US Supreme Court Okays Trump's Latest Travel Ban

US Supreme Court Allows Trump's Travel Ban To Take Effect

US Supreme Court Okays Trump's Latest Travel Ban

Judges in two judicial circuits - the U.S. Court of Appeals for the 4th Circuit in Richmond and the U.S. Court of Appeals for the 9th Circuit in San Francisco - had cast doubt on Trump's third executive order banning nearly all travel from certain countries.

The Court ruled by 7-2 to allow the controversial policy to enter full force, affecting people from Chad, Iran, Libya, Somalia, Syria and Yemen, pending a number of legal challenges making their way through the courts.

"This decision ignores the very real human consequences to American citizens and their families overseas imposed by President Trump 's Muslim Ban 3.0", said CAIR National Litigation Director Lena Masri.

Just a week after Trump took office back in January he has given the initial traveling prohibition however it ended up being suspended across the country by the Seattle federal government judge.

Lawyers for the American Civil Liberties Union and the state of Hawaii filed lengthy responses urging the court to maintain the status quo while the legal claims are heard and decided.

Plaintiffs argued that the measure targets Muslims in violation of the US Constitution and did not advance security goals as the government claimed.

President Trump met with the Libyan prime minister on December 1 to discuss counter-terrorism efforts. Last week he shared on Twitter anti-Muslim videos posted by a far-right British party leader. "We continue to stand for freedom, equality, and for those who are unfairly being separated from their loved ones", he said. Federal judges in Maryland and Hawaii had partially blocked the restrictions, allowing people from these countries who can establish a bona fide relationship with a person or entity in the travel.

The ban also covers people from North Korea and some Venezuelan government officials, but those provisions were already in effect.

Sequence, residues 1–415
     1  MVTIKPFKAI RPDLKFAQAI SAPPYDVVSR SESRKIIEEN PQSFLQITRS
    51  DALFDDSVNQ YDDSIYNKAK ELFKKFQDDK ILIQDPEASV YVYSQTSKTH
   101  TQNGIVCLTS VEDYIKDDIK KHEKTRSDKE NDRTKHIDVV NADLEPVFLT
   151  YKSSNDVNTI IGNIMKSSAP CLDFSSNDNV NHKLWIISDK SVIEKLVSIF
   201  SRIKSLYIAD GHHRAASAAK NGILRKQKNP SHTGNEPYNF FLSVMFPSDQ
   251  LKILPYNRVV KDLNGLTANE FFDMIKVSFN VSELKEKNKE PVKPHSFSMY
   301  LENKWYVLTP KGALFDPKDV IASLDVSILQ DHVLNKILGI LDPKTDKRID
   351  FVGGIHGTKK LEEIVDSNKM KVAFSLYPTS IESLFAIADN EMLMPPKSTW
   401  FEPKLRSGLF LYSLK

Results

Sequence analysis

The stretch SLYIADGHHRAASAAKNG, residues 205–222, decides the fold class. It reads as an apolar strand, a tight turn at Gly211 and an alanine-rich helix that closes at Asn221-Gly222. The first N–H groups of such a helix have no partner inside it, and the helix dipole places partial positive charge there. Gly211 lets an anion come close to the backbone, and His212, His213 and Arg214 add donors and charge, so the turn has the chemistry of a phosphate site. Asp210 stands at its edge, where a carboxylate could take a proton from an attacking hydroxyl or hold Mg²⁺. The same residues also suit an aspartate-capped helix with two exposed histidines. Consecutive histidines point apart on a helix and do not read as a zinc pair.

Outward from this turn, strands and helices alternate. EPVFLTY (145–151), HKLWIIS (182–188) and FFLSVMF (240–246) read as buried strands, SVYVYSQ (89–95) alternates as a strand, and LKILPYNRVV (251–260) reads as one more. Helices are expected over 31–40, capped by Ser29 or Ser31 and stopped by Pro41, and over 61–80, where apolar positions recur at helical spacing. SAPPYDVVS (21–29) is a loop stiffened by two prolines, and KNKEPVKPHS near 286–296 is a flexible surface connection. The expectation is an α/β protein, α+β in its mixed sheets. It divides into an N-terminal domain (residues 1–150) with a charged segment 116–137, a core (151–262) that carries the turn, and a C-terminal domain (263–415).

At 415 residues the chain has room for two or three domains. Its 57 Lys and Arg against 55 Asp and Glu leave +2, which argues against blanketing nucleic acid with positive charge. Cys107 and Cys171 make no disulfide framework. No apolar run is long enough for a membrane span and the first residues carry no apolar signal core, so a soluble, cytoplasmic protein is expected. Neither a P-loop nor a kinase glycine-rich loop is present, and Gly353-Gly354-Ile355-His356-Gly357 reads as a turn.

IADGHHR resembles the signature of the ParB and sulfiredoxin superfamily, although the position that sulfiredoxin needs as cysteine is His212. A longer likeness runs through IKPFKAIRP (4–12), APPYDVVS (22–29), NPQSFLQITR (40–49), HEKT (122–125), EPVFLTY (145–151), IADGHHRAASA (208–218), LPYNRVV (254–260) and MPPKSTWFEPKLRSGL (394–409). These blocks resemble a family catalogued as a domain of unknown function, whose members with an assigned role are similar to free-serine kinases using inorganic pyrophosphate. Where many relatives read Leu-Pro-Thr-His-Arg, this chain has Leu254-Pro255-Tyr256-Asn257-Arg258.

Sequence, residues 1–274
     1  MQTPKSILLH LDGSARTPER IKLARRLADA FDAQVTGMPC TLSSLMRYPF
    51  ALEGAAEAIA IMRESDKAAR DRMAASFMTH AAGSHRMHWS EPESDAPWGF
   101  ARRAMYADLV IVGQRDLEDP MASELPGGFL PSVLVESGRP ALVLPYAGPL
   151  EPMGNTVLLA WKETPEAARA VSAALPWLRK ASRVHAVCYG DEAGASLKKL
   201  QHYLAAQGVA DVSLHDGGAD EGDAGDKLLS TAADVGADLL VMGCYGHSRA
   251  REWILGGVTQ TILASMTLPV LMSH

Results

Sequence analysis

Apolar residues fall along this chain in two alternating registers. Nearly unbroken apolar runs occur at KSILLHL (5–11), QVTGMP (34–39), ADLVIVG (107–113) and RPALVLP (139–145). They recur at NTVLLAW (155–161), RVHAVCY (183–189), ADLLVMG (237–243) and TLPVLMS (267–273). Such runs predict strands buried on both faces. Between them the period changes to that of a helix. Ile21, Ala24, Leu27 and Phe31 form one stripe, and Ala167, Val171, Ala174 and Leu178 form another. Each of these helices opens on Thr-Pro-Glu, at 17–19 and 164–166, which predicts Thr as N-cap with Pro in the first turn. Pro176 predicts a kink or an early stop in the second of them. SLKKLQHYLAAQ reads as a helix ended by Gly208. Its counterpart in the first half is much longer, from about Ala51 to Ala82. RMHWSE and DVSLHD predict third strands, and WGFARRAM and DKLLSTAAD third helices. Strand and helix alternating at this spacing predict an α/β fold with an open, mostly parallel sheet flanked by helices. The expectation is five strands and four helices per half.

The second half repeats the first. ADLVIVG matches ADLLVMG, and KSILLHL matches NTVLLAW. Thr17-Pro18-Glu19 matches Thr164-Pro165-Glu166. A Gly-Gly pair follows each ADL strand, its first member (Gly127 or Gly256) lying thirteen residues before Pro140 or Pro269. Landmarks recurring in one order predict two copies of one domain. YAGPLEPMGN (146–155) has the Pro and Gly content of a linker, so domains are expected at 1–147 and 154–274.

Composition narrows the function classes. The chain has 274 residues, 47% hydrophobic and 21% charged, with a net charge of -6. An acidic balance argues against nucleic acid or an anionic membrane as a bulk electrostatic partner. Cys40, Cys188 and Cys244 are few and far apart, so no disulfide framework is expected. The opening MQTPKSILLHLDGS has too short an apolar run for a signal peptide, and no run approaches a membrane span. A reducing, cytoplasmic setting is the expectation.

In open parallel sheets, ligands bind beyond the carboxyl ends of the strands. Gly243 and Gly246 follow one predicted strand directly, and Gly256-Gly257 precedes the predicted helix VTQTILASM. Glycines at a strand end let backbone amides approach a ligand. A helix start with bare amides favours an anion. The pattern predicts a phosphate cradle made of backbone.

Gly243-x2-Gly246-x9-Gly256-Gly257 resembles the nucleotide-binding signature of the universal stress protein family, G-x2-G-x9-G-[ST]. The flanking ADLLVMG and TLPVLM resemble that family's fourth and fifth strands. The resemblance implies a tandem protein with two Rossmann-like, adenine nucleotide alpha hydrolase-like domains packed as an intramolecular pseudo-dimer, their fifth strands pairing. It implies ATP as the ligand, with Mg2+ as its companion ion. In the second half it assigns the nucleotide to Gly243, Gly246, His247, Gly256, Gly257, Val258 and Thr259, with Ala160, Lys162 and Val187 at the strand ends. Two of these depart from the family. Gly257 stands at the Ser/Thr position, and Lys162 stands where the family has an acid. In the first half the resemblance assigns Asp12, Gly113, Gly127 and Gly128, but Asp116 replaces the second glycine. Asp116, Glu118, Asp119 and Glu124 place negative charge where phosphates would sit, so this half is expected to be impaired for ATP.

The third version of Trump's travel ban, unveiled in September, drew immediate challenges in federal appeals courts in Richmond, Virginia and San Francisco, California.

Both courts are dealing with the issue on an accelerated basis, and the Supreme Court noted it expects those courts to reach decisions "with appropriate dispatch".

If anything, it said, the government's case has weakened.

"We agree a speedy resolution is needed for the sake of our universities, our businesses and most of all, for people marginalized by this unlawful order", Hawaii Attorney General Douglas Chin said afterward.

Justices Ruth Bader Ginsburg and Sonia Sotomayor would have left the lower court orders in place. "We look forward to presenting a fuller defense of the proclamation as the pending cases work their way through the courts", it added. Certain people from each targeted country can still apply for a visa for tourism, business or education purposes, and any applicant can ask for an individual waiver.

Trump's Travel Ban has been finally approved by the Supreme Court.

The Trump administration argued that a lot has changed since June. But the Trump administration, which says the ban is crucial to protect United States national security and deter terror attacks, secured strong support from the Supreme Court in a 7-2 vote to let the government move ahead while the appeals continue.

The administration has said the ban is not discriminatory and pointed out that many Muslim-majority countries are unaffected by it.

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